You can appoint more than one replacement attorney and you can change the rules about how or when they act.

According to the Alzheimer’s Society, more than 1 million people in the UK will have dementia by 2025. More than 1 in 5 people over 85 already suffer from this, and it is increasing, with rates significantly higher amongst women than men.

Accidents, strokes, brain injuries and Parkinson’s disease can also affect someone’s ability to make their own decisions. Handling your financial affairs can become virtually impossible, which is why charities that care for the elderly recommend everyone plans ahead. This could have the dual benefit of saving a great deal of money and easing the burden on their relatives.

“If one joint account holder loses mental capacity, banks and building societies can decide whether or not to temporarily restrict the use of the account to essential transactions only” – British Bank Association

The restricting of a joint account has severe implications as the joint owner cannot freely withdraw what is their own money. This could be devastating, especially if the joint owner has their only form of income, such as their pension, paid into this joint account.

“If your joint bank account is frozen, how will your partner pay essential bills such as your mortgage, utilities, car payments or insurance?”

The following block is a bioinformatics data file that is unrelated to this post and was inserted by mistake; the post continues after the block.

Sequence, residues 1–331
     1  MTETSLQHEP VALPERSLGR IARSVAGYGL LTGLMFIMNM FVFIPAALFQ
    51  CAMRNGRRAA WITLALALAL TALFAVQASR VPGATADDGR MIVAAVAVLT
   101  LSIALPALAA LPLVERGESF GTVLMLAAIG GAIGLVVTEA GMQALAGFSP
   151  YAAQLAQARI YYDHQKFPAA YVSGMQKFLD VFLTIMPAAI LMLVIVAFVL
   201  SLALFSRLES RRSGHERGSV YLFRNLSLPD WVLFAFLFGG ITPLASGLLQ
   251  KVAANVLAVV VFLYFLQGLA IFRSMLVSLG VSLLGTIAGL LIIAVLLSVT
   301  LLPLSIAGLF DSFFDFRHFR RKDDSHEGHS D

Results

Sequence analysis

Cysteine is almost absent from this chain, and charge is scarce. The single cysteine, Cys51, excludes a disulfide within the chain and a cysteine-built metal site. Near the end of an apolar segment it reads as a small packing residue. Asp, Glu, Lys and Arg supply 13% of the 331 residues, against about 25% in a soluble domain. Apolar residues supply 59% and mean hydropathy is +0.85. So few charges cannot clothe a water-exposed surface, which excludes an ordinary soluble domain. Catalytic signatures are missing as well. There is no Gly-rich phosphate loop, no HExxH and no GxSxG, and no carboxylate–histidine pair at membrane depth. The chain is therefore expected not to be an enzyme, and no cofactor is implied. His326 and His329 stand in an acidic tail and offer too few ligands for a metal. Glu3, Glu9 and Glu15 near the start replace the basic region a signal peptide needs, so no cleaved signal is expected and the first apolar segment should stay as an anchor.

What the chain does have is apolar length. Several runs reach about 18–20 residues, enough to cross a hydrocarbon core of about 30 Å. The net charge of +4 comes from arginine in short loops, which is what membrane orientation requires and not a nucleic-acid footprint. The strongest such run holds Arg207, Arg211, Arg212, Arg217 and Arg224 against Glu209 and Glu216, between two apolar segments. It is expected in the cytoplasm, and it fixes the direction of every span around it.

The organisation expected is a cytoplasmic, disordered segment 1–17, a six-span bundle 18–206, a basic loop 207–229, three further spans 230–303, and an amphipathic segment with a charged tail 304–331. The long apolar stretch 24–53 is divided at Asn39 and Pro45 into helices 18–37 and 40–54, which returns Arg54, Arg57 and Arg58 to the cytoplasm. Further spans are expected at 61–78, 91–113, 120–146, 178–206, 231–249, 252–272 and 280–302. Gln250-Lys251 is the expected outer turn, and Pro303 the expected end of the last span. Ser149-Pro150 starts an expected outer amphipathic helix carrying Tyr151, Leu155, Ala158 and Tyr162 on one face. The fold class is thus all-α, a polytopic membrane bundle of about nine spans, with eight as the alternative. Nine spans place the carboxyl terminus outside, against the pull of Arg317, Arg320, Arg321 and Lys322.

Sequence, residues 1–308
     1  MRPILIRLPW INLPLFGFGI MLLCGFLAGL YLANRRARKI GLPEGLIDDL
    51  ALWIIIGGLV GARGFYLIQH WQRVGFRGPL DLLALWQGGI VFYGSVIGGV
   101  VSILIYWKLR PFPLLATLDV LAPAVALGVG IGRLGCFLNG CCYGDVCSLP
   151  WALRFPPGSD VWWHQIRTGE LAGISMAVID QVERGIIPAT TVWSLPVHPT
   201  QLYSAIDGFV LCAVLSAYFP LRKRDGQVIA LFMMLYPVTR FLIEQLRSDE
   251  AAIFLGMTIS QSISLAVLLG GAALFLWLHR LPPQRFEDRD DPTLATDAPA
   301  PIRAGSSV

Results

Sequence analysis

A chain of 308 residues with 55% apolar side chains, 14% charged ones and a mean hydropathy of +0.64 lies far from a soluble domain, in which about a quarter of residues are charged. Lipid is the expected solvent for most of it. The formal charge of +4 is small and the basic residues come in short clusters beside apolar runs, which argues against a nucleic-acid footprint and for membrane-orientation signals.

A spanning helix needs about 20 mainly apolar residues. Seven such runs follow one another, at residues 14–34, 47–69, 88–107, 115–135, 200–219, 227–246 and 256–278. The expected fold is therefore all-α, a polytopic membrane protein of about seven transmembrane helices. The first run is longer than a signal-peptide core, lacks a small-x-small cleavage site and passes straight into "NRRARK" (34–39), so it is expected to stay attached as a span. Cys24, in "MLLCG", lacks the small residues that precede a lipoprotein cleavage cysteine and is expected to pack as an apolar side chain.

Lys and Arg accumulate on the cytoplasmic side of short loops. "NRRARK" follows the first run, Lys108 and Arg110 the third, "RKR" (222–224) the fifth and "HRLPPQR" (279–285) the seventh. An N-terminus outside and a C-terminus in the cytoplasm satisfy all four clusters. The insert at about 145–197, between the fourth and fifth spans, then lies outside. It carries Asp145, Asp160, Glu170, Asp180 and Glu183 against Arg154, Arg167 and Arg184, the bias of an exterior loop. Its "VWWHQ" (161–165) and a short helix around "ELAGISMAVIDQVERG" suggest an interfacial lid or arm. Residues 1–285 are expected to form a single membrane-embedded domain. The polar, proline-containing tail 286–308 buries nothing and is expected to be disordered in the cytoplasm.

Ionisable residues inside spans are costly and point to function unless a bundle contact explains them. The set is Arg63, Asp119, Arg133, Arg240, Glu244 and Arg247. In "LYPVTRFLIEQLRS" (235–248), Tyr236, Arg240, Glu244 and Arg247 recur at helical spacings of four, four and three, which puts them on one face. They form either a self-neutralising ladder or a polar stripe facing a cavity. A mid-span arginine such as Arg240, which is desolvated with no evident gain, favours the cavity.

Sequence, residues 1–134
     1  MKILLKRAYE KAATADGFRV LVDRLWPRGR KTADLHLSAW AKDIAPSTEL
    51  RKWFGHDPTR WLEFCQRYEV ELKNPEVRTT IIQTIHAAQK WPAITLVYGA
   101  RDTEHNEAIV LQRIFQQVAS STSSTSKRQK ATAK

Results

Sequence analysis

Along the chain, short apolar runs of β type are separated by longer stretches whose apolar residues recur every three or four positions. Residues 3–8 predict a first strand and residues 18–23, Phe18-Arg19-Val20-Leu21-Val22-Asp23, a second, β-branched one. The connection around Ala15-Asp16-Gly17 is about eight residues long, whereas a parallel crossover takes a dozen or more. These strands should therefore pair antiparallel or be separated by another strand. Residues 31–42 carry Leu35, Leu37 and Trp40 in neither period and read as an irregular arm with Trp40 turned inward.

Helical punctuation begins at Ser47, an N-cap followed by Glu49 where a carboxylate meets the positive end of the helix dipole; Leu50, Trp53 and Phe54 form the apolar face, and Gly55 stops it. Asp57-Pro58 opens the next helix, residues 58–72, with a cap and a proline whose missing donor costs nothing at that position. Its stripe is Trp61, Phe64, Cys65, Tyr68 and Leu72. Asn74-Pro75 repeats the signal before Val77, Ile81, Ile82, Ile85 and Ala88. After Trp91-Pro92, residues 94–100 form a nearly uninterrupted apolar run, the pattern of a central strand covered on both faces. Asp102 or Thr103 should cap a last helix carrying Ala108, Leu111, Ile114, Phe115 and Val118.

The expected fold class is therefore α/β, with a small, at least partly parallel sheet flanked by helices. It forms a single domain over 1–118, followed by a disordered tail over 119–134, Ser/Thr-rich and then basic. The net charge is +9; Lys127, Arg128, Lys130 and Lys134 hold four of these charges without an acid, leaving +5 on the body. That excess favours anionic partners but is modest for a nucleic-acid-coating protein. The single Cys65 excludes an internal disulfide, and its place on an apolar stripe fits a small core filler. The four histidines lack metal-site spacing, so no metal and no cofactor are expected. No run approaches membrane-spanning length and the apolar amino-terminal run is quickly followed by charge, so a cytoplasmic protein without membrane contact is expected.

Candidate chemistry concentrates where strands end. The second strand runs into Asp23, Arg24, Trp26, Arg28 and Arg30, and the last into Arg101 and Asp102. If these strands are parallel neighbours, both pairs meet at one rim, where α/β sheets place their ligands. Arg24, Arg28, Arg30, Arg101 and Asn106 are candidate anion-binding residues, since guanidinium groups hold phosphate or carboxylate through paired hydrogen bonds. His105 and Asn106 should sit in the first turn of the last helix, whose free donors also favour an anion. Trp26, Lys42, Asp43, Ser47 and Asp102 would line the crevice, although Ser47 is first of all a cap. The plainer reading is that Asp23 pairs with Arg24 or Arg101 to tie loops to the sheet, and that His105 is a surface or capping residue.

One of the biggest misconceptions nowadays is that Power of Attorney is only in case you get Dementia or a similar illness. This is not the case!

Just being admitted to the hospital now, you will be asked if you have a Power of Attorney in place. This is because, if you have not, then the hospital will take over your care and your spouse or children will have no say in your medications, operations or care. In years gone by, it was enough to be related to the patient in hospital but that has changed. Whenever there is any risk to a patient with the treatment, the hospital will not take this risk without the patient themselves or their Power of Attorney “signing it off.” A spouse or child will not be able to do this without a Power of Attorney.


  1. Dementia, Alzheimers or similar.
  2. Unconscious or comma
  3. An injury which prevents your signature
  4. Too ill to be able to deal with a matter
  5. Your temperature is too high and you cannot fully understand a matter
  6. Injury or illness which results in reduced mobility
  7. General poor health